The effects of RANTES polymorphisms on susceptibility to HIV-1 infection and disease progression: Evidence from an updated meta-analysis
Associations of regulated on activation, normal T cell expressed and secreted (RANTES) -403G/A, -28C/G and In1.1T/C polymorphisms with HIV-1 infection and the progression of HIV-1 disease have been widely reported with inconsistent results. To clarify this situation, we performed an updated meta-analysis of all available studies from PubMed, Embase, and the China National Knowledge Infrastructure. A total of 24 eligible studies involving more than 10,000 subjects were included. By using the healthy controls, we found that -403G/A polymorphism was significantly associated with reduced susceptibility to HIV-1 infection in G/A+A/A vs. GG (OR = 0.755, 95%CI = 0.581-0.982); and a significantly decreased risk was also found for -28C/G polymorphisms (G vs. C, OR = 0.804, 95%CI = 0.696-0.927; G/G+C/G vs. C/C, OR = 0.826, 95%CI = 0.704-0.969). Whereas, for In1.1T/C polymorphism, increased risk of HIV-1 infection was revealed (C vs. T, OR = 1.216, 95%CI = 1.047-1.430; T/C vs. T/T, OR = 1.68, 95%CI = 1.263-2.234; T/C+T/T VS. C/C, OR = 1.466, 95%CI = 1.147-1.875). Subgroup analyses by ethnicity showed significant association among Asians, but not among Caucasians. When HIV-1 exposed seronegative (HESN) controls were used, no significant association was detected. Moreover, -403G/A and -28C/G polymorphisms were also not associated with long-term non-progressive HIV-1 infection (all P > 0.05). This meta-analysis suggests that RANTES -403G/A and -28C/G polymorphisms confer possible protection against HIV-1 infection, whereas In1.1T/C polymorphism may increase risk of HIV-1 infection, especially in Asians. Theses results may contribute to finding a theoretical basis for effective control strategies against HIV/AIDS. Further investigations are needed to validate our conclusions.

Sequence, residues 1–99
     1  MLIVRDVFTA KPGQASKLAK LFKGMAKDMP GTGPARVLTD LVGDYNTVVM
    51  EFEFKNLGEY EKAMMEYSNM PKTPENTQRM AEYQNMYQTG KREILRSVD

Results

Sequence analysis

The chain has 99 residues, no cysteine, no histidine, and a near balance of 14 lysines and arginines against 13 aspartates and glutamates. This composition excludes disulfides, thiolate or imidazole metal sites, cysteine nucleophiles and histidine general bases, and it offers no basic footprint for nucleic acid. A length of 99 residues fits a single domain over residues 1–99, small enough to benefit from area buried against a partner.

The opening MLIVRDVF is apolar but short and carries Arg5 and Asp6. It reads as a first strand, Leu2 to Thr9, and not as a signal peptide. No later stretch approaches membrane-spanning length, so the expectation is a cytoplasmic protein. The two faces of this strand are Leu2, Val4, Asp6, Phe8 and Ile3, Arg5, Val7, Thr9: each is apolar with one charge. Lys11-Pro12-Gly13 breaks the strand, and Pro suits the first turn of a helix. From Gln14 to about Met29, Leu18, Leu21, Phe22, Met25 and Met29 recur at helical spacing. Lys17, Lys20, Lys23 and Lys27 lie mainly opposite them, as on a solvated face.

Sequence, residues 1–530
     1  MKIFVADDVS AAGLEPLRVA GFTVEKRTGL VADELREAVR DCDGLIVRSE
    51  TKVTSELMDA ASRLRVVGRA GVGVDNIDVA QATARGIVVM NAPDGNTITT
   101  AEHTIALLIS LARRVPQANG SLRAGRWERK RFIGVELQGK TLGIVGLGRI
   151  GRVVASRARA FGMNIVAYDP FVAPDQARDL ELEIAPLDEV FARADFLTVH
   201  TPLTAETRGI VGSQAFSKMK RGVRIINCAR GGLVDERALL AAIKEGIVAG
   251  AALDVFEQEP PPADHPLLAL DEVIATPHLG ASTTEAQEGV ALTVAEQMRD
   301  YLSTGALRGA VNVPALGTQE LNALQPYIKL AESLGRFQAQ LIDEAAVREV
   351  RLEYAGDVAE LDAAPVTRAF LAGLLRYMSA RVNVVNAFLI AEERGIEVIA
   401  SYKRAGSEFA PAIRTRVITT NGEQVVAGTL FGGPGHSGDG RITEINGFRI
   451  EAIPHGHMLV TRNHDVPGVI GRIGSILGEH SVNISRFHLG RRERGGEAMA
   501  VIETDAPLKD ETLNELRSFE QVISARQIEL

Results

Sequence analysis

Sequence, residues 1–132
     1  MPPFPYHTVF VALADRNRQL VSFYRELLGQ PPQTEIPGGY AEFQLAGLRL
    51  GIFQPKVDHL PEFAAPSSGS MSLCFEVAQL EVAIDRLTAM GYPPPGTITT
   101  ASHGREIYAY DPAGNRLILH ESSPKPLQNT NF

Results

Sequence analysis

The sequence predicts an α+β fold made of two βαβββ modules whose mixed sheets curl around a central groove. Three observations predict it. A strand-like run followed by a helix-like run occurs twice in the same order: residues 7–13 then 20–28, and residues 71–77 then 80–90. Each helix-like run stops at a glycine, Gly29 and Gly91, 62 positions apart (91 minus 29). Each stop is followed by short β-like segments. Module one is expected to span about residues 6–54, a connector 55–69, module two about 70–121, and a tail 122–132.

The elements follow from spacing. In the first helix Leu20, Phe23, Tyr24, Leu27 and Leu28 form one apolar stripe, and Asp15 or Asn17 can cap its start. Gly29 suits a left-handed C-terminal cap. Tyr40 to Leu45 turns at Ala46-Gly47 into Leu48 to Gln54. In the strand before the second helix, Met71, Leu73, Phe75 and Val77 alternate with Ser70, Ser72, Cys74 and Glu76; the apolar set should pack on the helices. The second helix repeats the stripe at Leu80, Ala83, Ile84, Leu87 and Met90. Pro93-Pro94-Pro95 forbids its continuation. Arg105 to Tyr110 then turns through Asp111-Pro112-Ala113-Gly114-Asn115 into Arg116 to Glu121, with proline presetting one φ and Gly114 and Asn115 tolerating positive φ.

Zhao J, She S, Xie L, Chen X, Mo C, Huang L, Tang W, Chen X.
- General HIV+ population